He retreated to Santa Fe, New Mexico, with his fiancée, living modestly on their savings for two years. It was there he sobered up. "I saw alcohol wipe out too many people in the industry," says Thompson, who's not a wear-it-on-his-sleeve ex-drinker. When he came back to Denver in 2007, he was fired up and newly focused. He contemplated ditching restaurants and starting a new type of entrepreneurial adventure. But, he admits, "I know myself, and there was no way I was going to walk away from the industry that punched me in the face."

 

On a fall day in 2010, Thompson took an alternative route to work. He was heading to Argyll, his first post-New Mexico venture, another critical success that was financially middling. ("Tiny restaurants don't make money," he says.) As he drove through South Broadway, a somewhat gritty but fast-gentrifying area in Denver populated by quirky retailers, music clubs, and storied dive bars, he noticed an abandoned Big Lots, which had been languishing on the market for a year. The sprawling space and up-and-coming location had the kind of vibe he'd been seeking for a new eatertainment brand that would bring together booze, restaurant-caliber menus, and old-school gaming for the Millennial set.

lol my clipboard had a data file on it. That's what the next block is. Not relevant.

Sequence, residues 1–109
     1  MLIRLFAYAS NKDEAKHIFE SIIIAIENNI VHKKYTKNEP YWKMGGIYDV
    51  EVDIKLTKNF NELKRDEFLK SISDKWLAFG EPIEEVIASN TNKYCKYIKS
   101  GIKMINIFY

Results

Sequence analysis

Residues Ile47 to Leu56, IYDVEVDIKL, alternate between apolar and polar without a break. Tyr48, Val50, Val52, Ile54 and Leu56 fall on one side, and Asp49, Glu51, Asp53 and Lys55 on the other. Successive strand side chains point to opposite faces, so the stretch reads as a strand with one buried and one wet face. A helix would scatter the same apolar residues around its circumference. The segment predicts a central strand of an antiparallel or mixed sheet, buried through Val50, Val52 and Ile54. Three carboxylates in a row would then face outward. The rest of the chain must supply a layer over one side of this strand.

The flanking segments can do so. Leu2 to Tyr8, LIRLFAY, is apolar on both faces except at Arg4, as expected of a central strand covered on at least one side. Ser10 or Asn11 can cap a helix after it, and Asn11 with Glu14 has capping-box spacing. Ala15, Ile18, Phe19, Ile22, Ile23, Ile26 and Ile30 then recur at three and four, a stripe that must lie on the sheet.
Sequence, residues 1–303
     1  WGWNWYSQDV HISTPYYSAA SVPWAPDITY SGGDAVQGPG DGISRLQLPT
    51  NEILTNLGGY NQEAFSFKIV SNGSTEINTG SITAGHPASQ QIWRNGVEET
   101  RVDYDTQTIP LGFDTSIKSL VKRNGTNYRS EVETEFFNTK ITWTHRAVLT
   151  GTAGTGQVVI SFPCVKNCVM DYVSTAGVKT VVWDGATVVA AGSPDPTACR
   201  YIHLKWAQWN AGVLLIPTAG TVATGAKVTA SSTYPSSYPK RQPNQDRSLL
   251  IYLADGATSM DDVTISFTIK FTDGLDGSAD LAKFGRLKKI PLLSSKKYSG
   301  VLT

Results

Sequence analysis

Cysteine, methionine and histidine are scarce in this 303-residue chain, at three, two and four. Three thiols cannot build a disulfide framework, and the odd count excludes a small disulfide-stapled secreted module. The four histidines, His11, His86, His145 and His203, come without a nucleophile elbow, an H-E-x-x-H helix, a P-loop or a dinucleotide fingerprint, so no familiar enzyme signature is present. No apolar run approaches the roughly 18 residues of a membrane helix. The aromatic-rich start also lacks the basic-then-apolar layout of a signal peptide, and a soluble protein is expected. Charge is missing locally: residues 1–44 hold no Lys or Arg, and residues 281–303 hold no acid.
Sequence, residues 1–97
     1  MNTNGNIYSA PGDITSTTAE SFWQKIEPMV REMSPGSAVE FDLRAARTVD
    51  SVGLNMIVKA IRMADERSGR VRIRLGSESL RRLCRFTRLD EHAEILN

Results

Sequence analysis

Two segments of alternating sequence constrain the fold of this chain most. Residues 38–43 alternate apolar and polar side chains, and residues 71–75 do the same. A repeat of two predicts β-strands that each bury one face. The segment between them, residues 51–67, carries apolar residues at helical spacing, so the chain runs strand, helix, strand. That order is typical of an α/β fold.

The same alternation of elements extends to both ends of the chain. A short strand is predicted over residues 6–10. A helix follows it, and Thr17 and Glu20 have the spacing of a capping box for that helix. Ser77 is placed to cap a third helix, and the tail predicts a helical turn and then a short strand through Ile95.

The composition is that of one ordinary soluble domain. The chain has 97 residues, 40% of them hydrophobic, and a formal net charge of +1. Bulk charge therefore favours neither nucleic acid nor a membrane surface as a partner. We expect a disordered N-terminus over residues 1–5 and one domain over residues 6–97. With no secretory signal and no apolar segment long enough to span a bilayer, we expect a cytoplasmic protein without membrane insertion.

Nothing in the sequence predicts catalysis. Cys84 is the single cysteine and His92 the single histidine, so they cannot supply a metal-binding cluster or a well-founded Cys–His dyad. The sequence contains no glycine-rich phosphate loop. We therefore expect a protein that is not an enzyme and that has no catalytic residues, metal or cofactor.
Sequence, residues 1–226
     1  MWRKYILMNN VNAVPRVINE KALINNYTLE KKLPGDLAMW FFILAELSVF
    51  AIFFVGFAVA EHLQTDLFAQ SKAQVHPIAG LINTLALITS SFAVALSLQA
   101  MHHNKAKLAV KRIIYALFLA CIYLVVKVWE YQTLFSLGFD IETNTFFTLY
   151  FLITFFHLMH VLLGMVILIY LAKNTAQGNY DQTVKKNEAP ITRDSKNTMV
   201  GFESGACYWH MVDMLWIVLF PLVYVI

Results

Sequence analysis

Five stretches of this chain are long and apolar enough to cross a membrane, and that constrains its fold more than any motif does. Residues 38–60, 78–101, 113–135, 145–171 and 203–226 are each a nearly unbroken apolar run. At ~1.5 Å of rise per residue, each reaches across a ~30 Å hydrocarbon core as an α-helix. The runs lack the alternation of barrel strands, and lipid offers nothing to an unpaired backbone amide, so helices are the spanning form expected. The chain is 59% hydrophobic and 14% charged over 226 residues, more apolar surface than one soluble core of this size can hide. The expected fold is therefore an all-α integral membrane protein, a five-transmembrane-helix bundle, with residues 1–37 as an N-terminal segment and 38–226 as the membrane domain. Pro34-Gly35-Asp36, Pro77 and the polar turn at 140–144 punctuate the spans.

Two arduous years later--after discovering asbestos in the building, raising an additional round of funding to deal with that asbestos, and watching construction take nearly four times longer than expected--that big-box carcass was reborn as Punch Bowl Social.

That first Punch Bowl has since become Thompson's blueprint for everything from real estate to experience to food. To transcend existence as a regional chain, he's placed his bets on cities. It turns out that "urban Millennials in different parts of the country are more psychographically similar to one another than Millennials living in urban and suburban areas of the same region," says Sara Monnette, an executive at food-service consulting firm Technomic. Whereas competitors typically opt for the suburbs, hitching Punch Bowl's wagon to urban revitalizations like Cleveland's historic Flats District and downtown Detroit was prescient. "If five years ago I had said we could do $2 million in Detroit, I would have been called a liar. We did $7 million there last year," says Thompson of the two-year-old venue.

Buildings must also meet certain criteria. They have to be near multifamily housing (an indicator of younger people), in close proximity to a central business district (close to 30 percent of Punch Bowl's business comes from corporate parties), and in an area with, as Thompson puts it, food and entertainment "gravity." Early Punch Bowl locations that went against these trends--one in the sleepy suburb of Schaumburg, Illinois, and another on the third floor of a mall in Portland, Oregon--have been less successful.